I just mention this because there is something correct in what you were saying about food and pollution.
Generally I think this illness is too serious for just a move of location.
 

Hip

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as well as Vit D, a latitude effect I was wondering about was along the lines of a magnetic influence.
The most interesting magnetic influences on health that I am aware of are geomagnetic disturbances (aka: geomagnetic variations). These are minute vibrations and oscillations that naturally and continuously occur in the Earth's magnetic field. We are immersed in this magnetic field everywhere, and so cannot really avoid the impact of these vibrations (and they are generally harmful).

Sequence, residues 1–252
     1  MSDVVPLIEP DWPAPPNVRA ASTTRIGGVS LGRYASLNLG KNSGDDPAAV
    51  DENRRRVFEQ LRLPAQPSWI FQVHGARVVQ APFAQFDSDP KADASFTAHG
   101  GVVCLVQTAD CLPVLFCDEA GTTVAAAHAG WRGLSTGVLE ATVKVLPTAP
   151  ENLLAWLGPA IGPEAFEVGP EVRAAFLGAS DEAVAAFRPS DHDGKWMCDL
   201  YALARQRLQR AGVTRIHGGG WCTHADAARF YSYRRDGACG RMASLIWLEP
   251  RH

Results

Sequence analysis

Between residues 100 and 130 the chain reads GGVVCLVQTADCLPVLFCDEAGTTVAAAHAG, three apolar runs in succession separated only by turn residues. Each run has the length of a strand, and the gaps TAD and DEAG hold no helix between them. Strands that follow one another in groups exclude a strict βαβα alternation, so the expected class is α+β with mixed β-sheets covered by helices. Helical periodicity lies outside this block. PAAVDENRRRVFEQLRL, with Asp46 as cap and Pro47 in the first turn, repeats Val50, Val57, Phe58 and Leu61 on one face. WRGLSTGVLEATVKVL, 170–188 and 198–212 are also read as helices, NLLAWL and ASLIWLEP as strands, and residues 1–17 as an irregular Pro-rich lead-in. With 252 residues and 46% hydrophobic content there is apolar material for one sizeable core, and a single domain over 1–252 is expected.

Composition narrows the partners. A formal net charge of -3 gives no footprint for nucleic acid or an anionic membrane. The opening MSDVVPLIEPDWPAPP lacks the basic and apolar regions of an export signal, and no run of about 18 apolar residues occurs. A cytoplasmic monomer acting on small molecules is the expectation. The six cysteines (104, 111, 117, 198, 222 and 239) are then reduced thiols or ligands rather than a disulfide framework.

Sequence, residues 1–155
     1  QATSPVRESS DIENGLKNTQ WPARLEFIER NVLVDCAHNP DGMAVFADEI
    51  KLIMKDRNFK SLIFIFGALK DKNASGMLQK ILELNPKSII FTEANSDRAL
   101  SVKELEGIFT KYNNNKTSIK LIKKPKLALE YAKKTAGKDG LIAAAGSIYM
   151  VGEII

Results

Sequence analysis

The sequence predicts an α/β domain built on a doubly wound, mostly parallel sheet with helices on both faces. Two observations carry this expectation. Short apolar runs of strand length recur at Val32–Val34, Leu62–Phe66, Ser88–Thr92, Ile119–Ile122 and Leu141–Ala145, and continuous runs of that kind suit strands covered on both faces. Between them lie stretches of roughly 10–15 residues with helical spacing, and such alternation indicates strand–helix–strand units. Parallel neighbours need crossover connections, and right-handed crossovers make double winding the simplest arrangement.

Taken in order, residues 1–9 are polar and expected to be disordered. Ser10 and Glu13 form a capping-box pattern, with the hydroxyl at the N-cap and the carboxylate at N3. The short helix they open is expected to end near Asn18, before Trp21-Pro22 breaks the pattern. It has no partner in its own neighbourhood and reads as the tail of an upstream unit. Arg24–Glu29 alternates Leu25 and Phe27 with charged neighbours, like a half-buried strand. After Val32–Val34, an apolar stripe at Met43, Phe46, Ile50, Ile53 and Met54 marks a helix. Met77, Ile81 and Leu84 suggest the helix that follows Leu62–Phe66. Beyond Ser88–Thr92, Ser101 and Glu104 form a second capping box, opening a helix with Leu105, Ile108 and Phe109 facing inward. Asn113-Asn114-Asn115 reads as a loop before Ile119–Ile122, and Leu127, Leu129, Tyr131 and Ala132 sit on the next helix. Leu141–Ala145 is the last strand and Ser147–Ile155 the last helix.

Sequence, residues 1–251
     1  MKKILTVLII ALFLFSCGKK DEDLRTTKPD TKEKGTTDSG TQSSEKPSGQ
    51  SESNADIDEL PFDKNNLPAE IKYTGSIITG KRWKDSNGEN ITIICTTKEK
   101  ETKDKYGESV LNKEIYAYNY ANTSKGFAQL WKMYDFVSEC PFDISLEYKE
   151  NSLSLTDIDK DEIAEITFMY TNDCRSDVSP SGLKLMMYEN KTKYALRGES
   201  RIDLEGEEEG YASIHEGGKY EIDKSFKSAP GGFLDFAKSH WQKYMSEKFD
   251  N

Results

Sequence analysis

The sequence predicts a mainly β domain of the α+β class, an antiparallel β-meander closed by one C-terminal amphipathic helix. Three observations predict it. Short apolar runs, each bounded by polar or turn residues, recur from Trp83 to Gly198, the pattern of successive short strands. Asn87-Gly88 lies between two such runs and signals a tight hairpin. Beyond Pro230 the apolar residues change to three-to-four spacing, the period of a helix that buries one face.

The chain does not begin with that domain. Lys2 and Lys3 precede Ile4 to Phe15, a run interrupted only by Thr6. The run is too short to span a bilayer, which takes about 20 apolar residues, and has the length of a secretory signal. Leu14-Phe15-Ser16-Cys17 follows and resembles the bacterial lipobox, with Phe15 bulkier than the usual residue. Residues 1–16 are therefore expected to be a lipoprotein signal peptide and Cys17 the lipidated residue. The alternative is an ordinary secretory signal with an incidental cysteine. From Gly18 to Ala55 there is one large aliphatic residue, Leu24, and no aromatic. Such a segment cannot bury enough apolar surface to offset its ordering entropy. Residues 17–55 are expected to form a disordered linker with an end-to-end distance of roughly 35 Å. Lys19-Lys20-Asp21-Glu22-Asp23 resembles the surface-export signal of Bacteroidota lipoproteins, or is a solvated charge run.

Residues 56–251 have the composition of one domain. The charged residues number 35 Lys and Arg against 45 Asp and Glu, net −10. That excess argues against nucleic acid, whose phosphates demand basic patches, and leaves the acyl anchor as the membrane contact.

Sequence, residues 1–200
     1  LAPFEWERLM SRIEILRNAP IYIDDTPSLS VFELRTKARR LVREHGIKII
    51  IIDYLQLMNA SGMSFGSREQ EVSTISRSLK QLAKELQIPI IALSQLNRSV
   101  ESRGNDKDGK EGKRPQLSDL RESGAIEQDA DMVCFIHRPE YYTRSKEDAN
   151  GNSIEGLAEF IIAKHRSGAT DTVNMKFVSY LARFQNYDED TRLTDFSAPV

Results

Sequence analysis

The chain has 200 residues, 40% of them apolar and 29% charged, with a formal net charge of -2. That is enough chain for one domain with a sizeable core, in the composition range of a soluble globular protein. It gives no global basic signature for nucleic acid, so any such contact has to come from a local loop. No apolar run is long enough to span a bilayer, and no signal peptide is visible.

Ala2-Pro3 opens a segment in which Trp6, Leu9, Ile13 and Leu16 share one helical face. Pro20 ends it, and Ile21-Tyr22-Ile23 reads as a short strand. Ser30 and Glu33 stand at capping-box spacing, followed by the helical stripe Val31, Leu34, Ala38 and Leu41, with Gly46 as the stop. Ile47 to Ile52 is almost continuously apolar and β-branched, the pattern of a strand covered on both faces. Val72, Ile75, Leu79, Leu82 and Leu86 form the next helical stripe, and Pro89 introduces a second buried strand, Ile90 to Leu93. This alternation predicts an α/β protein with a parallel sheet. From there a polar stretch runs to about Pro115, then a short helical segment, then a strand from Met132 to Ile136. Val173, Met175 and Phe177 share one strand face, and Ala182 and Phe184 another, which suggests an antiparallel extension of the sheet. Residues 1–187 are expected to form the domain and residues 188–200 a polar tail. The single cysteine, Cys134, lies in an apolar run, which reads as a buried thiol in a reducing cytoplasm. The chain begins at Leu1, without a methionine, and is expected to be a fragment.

These magnetic field vibrations are strongest around the 60° North and 60° South latitudes, so by moving from Vancouver, Canada (49.3° North) to Costa Rica (9.9° North) you would considerably reduce you exposure to geomagnetic disturbances.

Geomagnetic disturbance research is certainly not a "woo woo" area. Some researchers think that the increased prevalence of multiple sclerosis that manifests the further north (or south) you are from the equator may not in fact be due to the decreased sunlight and vitamin D you get as you move away from the equator, but rather due to the increased geomagnetic disturbances you get as you move towards 60° North, or 60° South. See this paper:

Geomagnetic disturbances may be environmental risk factor for multiple sclerosis: an ecological study of 111 locations in 24 countries